In his book “Peasants and Strangers” (Harvard University Press, 1975), Joseph J. Barton offers a monumental study of Italians, Romanians, and Slovaks in an American City, 1890-1950. In the introduction, he focuses on the personality of the Transylvanian Romanian Ilie Martin Selisteanul, who, in 1900, came from Saliste to Martin’s Ferry, Ohio. He established the Union of Romanian Societies in America, a printing press, and wrote a history of the United States in the Romanian language. He was animated by the underlying credo that: “Nothing is more valuable to a man than to study the history of his own country." Some fifty years later, as spiritual leader of the Romanian community in the United States and Canada, Archbishop Valerian D. Trifa also became vividly aware of the importance of preserving the cultural past of Romanian Americans. Toward the end of his life, he left his personal estate to endow this center of studies, a legacy that challenges us to perpetuate his vision. We are called to do all we can to safeguard the data bank of documents of Romanian culture, and records of parishes and societies and to facilitate access of scholars to do research and secure a sound future for this institution of learning. This helps us, and it enables the next generation to connect the dots to understand more about our roots.
In this regard, among Romanian organizations, the VDT Romanian American Heritage Center stands as one in its own league and challenges today’s generation to act. The activity of the Center was made remarkable by its past historians, who, by their studies, contributed to bringing to light multifold aspects of our past. In past years, it was also supported by generous and responsible hearts. Ilie Selisteanul himself understood among the first that an isolated, uprooted immigrant had no chance to culturally survive in a “mobile” urban, industrial society. Guided by visionary personalities, such as Selisteanu, Fr. Moise Balea or Fr. Ioan Podea, the first immigrants came together and organized themselves in beneficial, fraternal societies and churches. In this way, the common Romanian immigrant gained a social meaning, a hope for a safe future, a sense of belonging, and adoption. Some of them went back to Romania. Among them was Selisteanu himself, who returned to Saliste and established a bank in his native Transylvania. Others grew roots in North America. Among these were many, but here, I will point to former Cleveland journalist Theodore Andrica, editor of The Pioneer and American-Romanian Review. He was among the few who realized the need not just to preserve the past but to make sure it is well preserved and disseminated for the future.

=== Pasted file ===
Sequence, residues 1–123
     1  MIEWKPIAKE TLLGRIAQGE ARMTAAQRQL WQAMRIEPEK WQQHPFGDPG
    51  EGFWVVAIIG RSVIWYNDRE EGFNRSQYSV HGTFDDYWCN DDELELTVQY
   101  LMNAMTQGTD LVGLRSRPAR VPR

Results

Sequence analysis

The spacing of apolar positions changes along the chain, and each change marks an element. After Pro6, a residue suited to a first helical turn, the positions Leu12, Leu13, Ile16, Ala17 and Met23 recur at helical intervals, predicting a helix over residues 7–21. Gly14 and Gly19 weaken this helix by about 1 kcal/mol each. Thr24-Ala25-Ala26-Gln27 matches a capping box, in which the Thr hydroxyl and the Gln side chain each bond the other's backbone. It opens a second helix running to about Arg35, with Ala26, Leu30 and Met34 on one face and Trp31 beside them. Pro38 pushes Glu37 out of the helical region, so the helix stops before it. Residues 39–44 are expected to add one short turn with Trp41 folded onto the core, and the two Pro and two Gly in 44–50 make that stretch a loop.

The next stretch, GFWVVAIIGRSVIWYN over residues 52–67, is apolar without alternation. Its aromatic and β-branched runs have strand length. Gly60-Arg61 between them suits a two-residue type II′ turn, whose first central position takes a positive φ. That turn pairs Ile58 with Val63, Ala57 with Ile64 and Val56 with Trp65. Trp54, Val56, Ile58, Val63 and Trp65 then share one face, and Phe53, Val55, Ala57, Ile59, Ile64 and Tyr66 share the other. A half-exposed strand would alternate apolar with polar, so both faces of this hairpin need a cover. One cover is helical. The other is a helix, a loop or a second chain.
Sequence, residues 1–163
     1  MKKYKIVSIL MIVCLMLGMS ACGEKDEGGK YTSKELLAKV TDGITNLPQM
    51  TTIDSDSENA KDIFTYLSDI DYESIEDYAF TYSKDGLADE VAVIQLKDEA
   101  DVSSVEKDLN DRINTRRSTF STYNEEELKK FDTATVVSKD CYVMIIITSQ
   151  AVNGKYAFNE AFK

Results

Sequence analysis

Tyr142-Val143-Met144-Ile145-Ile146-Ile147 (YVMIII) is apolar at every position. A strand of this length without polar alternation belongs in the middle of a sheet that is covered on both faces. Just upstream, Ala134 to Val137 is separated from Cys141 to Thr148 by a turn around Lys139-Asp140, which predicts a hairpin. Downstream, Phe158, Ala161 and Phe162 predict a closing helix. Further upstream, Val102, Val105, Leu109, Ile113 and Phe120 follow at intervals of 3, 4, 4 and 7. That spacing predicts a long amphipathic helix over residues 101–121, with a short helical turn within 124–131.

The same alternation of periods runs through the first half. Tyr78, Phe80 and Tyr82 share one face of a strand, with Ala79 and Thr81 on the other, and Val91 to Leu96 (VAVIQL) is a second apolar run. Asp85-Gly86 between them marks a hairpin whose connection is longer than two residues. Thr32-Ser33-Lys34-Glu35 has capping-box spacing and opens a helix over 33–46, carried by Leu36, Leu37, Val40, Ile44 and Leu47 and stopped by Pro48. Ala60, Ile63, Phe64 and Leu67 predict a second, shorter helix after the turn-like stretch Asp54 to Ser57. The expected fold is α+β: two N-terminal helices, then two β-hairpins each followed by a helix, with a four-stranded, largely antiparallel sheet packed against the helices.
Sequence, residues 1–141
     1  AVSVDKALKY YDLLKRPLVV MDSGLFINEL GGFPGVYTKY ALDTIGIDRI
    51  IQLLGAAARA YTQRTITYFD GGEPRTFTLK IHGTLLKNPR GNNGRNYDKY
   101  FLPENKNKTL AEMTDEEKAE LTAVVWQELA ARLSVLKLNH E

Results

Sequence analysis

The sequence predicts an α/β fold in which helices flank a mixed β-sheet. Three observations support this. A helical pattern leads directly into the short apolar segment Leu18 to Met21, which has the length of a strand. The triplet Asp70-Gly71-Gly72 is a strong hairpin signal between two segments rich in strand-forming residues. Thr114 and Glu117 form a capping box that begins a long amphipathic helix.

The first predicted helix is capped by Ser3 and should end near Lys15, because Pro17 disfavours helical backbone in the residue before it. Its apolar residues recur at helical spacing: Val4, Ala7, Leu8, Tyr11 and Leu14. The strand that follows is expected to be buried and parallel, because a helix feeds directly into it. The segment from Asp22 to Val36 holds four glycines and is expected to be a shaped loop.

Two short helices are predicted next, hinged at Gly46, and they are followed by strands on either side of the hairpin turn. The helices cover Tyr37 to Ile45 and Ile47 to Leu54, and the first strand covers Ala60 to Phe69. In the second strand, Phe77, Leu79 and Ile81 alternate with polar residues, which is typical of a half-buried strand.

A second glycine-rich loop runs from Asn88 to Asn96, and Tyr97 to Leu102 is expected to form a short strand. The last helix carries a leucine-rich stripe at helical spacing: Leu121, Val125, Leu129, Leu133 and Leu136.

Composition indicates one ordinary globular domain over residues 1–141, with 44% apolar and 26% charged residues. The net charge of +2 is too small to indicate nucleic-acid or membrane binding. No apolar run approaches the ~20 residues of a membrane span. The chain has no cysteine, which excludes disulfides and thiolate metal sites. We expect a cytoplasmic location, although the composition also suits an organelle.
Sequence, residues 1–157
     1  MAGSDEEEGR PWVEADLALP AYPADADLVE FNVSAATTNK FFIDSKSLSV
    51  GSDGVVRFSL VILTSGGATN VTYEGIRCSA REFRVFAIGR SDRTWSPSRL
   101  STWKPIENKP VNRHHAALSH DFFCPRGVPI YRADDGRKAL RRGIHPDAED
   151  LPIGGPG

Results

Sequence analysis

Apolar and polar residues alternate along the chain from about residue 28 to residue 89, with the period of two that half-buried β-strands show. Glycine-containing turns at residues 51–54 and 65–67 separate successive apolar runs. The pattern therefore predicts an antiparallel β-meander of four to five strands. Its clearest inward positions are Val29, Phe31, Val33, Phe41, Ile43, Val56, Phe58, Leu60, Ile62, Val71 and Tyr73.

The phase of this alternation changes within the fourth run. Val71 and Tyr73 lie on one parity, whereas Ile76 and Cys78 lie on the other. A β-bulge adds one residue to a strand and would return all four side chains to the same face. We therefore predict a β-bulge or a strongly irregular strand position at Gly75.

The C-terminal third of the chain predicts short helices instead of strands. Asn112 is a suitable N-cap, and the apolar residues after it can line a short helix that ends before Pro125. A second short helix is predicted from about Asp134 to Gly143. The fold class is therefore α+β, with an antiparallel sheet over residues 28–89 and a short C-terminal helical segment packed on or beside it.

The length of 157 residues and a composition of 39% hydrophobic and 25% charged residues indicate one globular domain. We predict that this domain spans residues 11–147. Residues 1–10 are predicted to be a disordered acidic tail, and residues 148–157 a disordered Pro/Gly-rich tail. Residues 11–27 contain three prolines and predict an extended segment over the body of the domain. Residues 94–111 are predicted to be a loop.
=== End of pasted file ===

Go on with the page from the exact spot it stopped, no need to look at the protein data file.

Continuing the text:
Exactly here lies our mission and of today’s generation. Though I realize that, in today’s world, interest in history is at its lowest, we must come to the realization that museums and centers of studies are not intended to be reliquaries of culture but rather living institutions that elicit an organic flowing of past, present, and future. The VDT Romanian American Heritage Center belongs to all those who claim a Romanian lineage, and certainly, not only to historians but to each and every one of us. We must take pride in it. Each and every one of us is potentially able to do something in order to sustain its merits, relevancy, and importance. All it takes is for us to work together. The Heritage Center is not affiliated with the Romanian Orthodox Episcopate of America. It is open to all, and it belongs to all those who love Romanian historical heritage or are interested to study it.
With an eye to the future, the Center’s Board is open to creative suggestions. If you are computer-minded, we need assistance to digitize information. If you are a sociologist or historian, join us in our endeavors. If you are a business person or perhaps a grant writer in marketing or other professions, and you care about preserving our past, promoting our present, and securing our future American-Romanian identity, contact us. While such actions require a few dedicated individuals, each and every reader may actually help by sending a tax-deductible donation. The iconic examples of our legendary Ilie Selisteanul, Moise Balea, Ioan Podea, and Theodore Andrica, and especially of our blessed founders, should be an inspiration for each and every reader to become a supporter. The Center is the “call of the blood” for us here in North America, and with your support, it will be here for years to come.
V. Rev. Dr. Remus Grama